http://www.dailymail.co.uk/femail/article-2315433/Sarah-Houston-cause-death-Boiled-alive-internet-slimming-pills-DNP.html

94:

What that comment provoked is horrifyingly beyond disgusting: giant vampire roaches.

mark "where can I buy some DDT?"

95:

I like my parasites to be a bit darker.

Wait until I get around to "The Delirium Library" (Laundry Files book 8) and bring back Reverend Schiller (from "The Apocalypse Codex"), for a closer look at the hypercastrating parasite whose bidding he serves ...

(NB: I have yet to finish writing "The Nightmare Stacks", book 7, and I want to take a year out to write a very different kind of dark fantasy novel before moving onto "The Delirium Library". So, er, not in print before 2018 at the earliest.)

97:

Just in case you Miss the Really. REALLY! Cute Hippo...


http://www.whitewolfpack.com/2014_08_01_archive.html

Scroll down past ..

" The Shocking moment a cat discovers himself in a mirror. "


Past the CAT ...

DOWN PAST THE CAT CHARLIE!!

To ..

“Orphan Hippo Befriends Two Dogs (VIDEO)”

98:

Confession time: haven't got to those yet, currently on Neptune's Brood. Sadly, local libraries continue to be down-funded.

However, did I just spot a sneaky beer joke?

Revered Schiller - Golden Promise ministries -

Traditional barley variety from Scotland with a sweet, clean flavor. A must for authentic Scottish ales.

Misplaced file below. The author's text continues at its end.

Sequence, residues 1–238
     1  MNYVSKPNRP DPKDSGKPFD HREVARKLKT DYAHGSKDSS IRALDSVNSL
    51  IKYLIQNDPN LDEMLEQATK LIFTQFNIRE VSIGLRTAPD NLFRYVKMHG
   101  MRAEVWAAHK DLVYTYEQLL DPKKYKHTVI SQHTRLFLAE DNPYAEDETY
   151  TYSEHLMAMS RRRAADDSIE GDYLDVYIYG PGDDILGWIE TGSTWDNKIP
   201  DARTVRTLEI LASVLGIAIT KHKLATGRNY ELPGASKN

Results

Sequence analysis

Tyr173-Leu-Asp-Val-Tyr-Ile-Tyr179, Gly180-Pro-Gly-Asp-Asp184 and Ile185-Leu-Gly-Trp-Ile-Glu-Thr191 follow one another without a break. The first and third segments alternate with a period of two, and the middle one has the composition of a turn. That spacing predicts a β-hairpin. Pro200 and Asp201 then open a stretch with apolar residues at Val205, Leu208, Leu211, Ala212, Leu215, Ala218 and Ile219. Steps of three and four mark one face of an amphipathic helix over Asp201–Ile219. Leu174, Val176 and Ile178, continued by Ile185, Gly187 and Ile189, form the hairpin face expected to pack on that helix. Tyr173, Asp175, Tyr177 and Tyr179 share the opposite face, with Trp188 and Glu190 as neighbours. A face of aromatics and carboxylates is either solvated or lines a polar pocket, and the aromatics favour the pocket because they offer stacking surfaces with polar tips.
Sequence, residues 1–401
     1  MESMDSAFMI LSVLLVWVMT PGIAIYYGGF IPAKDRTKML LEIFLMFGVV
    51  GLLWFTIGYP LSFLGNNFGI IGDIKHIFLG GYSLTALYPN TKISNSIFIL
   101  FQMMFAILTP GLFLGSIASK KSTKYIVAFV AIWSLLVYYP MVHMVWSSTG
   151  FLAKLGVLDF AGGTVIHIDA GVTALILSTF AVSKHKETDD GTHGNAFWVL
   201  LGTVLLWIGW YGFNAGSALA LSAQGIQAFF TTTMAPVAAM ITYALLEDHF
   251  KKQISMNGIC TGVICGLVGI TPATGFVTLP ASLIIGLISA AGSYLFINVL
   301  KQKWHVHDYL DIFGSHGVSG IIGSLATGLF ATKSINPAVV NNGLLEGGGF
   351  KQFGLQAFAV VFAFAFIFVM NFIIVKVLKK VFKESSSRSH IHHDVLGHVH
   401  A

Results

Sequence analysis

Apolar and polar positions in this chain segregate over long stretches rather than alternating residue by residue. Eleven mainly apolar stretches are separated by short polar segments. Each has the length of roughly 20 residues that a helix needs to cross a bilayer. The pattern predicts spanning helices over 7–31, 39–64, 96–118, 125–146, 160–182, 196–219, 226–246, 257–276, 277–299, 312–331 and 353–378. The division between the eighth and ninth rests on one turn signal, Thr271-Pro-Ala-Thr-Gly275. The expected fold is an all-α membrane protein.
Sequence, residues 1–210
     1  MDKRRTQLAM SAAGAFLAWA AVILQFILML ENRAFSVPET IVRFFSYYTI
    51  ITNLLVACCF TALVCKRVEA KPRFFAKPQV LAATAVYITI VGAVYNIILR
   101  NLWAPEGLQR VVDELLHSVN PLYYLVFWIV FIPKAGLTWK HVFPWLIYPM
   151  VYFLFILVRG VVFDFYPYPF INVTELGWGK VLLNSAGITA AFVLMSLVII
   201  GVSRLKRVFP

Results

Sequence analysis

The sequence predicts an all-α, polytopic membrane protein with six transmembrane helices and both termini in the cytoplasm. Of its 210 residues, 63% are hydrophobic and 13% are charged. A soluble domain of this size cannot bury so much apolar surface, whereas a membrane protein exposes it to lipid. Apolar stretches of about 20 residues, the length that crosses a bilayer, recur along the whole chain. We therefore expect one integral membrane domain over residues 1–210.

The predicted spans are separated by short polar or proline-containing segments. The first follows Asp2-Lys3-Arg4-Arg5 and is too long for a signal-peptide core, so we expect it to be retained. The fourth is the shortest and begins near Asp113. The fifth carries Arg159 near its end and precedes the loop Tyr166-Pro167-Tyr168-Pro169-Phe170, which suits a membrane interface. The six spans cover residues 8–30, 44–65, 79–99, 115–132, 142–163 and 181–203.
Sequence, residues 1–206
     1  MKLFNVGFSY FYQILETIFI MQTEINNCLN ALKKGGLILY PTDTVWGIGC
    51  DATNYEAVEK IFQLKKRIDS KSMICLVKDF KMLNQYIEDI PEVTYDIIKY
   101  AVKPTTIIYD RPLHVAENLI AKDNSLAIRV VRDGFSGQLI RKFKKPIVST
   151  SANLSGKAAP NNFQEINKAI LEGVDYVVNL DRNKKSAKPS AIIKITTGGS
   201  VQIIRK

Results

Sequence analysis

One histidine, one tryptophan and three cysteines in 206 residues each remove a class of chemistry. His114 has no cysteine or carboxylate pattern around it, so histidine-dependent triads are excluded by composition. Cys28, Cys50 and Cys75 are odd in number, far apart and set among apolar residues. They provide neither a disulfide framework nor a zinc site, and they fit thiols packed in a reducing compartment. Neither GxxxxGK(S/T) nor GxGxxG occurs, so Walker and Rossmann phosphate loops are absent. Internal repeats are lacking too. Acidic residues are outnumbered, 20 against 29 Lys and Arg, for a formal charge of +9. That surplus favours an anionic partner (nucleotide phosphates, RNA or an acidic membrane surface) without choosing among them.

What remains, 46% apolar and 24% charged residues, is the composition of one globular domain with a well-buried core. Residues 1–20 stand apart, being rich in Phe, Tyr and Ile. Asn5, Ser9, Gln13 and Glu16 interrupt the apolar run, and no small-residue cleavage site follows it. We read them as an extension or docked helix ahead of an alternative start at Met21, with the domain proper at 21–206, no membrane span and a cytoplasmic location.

http://www.northernbrewer.com/shop/simpsons-golden-promise-barley.html


Coincidence, wry humor or perhaps the work of parasitical yeast entities working from someone's stomach altering their work to ensure the future of their kind?

99:

Nope, that wasn't deliberate. (I'm not a brewer: you may be confusing me with my wife.)

100:

Greg, I'm surprised by your restraint on the subject! (Also forgot to mention that hackle-raising appeal to authority that always gets trotted out at this point: "we can't explain these things because we can't understand BSF's plan".)

101:

It'd be interesting to know if you picked up the reference accidentally or it was genuinely a coincidence. (Not that it can ever be known - just a thought experiment).

Not prying, but the hypothetical scenario where a large tub of brewing barley rests in the background whilst a conversation goes on about brewing ("Is it ready yet?!") and comes back as a good sounding religious cult front amuses me at any rate.